Arginine monomethylation by PRMT7 controls MAVS-mediated antiviral innate immunity

Innate immunity is the first line of defense against microbial infection. In response to RNA virus infection, mitochondrial antiviral signaling protein (MAVS) plays an important role in innate antiviral immune responses.

Arginine methylation is a Post-translational Modification (PTM) in histone and non-histone proteins that can affect numerous cellular activities. Previous studies have revealed that zebrafish protein arginine methyltransferase 7 (prmt7) negatively regulates antiviral innate immunity, linking arginine methylation to the modulation of innate immunity. However, the underlying mechanisms are still largely unknown.

In a study published in Molecular cell, a research group led by XIAO Wuhan from the Institute of Hydrobiology (IHB) of the Chinese Academy of Sciences demonstrated that PRMT7 negatively regulates MAVS-mediated antiviral innate immune responses both in vitro and in vivo, which shows a function of PRMT7 and PRMT7-mediated arginine monomethylation in innate immunity.

The researchers first found that monomethyl arginine (MMA) proteins were readily detected with dynamic changes in bone marrow- derived dendritic cells (BMDCs) and mouse lung fibroblast cells (MLFs) using an antibody against MMA. This suggested that MMA proteins may be involved in RIG-I-like receptor (RLR) signaling.

By screening and mass spectrometry analysis, they identified that MAVS is monomethylated at residue Arginine 52 (R52), diminishing its interaction with RNA sensor retinoic acid inducible gene I (RIG-I) and the formation of aggregates. Co-immunoprecipitation and in-vitro methylation assays showed that PRMT7 catalyzes MAVS monomethylation at R52 and prevents association between MAVS/MAVS and MAVS/RIG-I, leading to the suppression of MAVS aggregation and subsequent activation.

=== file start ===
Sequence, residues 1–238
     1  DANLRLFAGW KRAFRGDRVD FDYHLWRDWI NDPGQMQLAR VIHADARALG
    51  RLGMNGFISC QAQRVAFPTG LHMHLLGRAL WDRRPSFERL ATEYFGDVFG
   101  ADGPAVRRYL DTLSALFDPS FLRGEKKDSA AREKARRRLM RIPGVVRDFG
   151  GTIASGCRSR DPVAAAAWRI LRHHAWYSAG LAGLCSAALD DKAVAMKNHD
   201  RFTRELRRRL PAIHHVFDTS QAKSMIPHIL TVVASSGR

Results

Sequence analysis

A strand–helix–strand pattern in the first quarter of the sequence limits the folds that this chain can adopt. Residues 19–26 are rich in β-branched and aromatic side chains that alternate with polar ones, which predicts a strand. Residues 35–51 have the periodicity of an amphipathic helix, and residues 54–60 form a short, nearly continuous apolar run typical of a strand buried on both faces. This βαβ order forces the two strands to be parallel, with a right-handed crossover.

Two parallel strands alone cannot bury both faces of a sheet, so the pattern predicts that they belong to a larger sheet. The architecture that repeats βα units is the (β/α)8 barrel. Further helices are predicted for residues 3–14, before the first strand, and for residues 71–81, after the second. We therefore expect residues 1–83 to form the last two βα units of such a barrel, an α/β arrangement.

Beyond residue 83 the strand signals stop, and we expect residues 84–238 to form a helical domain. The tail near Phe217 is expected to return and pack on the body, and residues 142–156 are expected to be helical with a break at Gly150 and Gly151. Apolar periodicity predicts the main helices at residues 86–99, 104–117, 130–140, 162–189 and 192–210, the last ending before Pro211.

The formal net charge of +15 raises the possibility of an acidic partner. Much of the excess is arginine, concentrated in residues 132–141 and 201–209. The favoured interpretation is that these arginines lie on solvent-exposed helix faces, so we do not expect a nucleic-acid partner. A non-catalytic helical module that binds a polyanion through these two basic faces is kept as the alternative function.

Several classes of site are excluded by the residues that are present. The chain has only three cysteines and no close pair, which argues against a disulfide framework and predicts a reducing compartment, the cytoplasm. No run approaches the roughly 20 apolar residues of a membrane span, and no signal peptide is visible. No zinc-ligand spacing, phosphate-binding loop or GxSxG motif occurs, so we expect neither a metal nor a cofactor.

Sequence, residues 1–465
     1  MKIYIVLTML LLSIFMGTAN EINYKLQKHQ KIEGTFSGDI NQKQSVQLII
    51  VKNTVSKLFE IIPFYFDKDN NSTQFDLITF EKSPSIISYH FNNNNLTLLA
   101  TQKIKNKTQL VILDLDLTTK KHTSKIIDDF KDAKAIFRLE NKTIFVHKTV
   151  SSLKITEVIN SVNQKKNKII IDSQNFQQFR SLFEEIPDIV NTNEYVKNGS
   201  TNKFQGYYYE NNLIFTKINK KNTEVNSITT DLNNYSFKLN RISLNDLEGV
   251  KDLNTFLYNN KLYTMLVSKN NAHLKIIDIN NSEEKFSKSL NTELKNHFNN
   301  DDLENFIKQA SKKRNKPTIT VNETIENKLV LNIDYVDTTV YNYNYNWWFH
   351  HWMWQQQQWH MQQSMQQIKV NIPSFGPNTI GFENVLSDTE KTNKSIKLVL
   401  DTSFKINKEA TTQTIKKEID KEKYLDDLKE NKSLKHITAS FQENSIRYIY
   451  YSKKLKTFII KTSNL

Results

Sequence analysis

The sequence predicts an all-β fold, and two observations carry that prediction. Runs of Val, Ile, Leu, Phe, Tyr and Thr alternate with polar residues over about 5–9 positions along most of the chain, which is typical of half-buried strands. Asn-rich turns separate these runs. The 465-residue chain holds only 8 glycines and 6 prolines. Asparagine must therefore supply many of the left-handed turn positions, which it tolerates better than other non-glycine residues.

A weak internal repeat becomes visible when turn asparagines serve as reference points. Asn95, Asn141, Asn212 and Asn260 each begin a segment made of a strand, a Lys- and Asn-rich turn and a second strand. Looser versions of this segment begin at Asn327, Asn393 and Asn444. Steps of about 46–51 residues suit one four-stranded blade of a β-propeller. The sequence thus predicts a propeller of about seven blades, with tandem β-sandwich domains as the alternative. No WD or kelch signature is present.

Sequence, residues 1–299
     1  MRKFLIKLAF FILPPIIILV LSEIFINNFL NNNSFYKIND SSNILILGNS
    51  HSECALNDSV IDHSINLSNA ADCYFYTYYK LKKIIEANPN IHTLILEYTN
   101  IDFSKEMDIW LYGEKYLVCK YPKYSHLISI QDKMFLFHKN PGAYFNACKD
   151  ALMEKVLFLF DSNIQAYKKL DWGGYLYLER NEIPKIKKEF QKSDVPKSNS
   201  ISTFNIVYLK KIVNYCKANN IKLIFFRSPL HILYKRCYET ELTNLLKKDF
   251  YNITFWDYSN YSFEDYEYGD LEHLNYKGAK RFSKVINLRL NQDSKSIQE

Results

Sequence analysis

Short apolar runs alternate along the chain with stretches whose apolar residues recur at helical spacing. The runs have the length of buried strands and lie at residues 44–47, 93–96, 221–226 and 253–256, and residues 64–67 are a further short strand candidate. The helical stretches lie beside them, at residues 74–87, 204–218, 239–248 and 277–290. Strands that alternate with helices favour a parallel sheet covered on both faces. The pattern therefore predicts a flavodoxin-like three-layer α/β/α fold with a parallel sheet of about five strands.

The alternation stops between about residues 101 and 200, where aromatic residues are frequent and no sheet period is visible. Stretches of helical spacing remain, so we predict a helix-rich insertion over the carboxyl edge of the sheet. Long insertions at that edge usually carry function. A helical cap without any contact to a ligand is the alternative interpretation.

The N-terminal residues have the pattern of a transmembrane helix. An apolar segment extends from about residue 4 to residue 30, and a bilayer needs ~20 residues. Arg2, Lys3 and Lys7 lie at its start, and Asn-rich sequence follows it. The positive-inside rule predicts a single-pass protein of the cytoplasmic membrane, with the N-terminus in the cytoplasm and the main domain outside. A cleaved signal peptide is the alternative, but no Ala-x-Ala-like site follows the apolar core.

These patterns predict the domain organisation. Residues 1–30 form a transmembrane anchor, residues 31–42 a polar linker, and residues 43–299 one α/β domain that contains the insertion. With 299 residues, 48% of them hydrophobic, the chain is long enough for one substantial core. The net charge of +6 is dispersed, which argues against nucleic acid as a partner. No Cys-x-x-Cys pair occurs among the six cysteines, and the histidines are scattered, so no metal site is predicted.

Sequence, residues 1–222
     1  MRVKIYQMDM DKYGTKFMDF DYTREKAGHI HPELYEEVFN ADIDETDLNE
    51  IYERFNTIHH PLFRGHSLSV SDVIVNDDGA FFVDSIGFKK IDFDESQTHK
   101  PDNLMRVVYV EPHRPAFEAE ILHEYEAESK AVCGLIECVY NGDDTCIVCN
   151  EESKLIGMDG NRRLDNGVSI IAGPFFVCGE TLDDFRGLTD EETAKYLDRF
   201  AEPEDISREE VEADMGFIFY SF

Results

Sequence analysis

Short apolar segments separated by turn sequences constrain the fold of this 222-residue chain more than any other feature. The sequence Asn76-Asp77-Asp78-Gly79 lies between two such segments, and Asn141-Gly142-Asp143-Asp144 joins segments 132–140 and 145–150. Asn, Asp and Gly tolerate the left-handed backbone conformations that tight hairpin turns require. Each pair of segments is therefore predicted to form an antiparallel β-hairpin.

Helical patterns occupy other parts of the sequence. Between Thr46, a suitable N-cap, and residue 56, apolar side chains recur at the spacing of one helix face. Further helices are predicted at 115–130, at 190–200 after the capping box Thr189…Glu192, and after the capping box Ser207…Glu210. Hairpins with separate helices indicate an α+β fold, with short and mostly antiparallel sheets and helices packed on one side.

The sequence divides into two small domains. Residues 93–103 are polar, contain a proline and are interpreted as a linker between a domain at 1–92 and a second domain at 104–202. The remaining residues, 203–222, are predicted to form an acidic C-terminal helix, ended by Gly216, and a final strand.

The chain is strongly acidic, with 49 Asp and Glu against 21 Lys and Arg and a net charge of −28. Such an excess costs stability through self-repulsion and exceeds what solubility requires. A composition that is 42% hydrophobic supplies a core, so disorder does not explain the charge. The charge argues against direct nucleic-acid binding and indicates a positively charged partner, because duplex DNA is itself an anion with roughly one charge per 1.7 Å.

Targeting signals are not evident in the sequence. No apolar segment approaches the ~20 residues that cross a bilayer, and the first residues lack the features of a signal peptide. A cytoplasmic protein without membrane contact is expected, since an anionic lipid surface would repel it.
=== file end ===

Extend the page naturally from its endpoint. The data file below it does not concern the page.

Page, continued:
The researchers next investigated the cellar function of PRMT7 by overexpressing PRMT7 in human embryonic kidney 293 (HEK293T) cells or generating PRMT7-/- and MAVS-/- cells, and found that upon virus infection, real-time polymerase chain reaction (RT-PCR), phosphorylation and dimerization assays indicated that PRMT7 negatively regulates viral RNA-triggered RLR signaling by enzymatically targeting MAVS.

Besides, the researchers investigated the effects of PRMT7 on antiviral innate immunity in vivo. Using mouse model, they found that Prmt7+/- mice are more resistant to vesicular stomatitis virus (VSV) infection and presented higher levels of interferon beta 1 (Ifnb1) mRNA and lower VSV-N gene mRNA levels and VSV titers in lung, spleen, and liver than Prmt7+/+ mice in response to VSV infection.

Surprisingly, they found that PRMT7 could be automethylated and that the amount of PRMT7 protein decreased during SeV infection but not herpes simplex virus 1 (HSV-1) virus infection. They revealed that viral infection induces the proteasomal degradation of PRMT7 in a MAVS-dependent manner and MAVS recruits the smad ubiquitination regulatory factor-1 (SMURF1) to PRMT7 to catalyze the K48-linked polyubiquitination of PRMT7.

These results confirmed that the negative effect of PRMT7 on RLR signaling is mediated by MAVS monomethylation in vitro and in vivo. Combined with previously studies, the findings of this study showed that CRISPR/Cas9 techniques can be used to knock out prmt7 in grass carp to obtain anti-GCRV strains, which may benefit the aquaculture industry.

A host protein phosphatase restricts innate immune signaling

More information:
Junji Zhu et al, Arginine monomethylation by PRMT7 controls MAVS-mediated antiviral innate immunity, Molecular Cell (2021). DOI: 10.1016/j.molcel.2021.06.004

Arginine monomethylation by PRMT7 controls MAVS-mediated antiviral innate immunity (2021, September 6)
retrieved 6 September 2021

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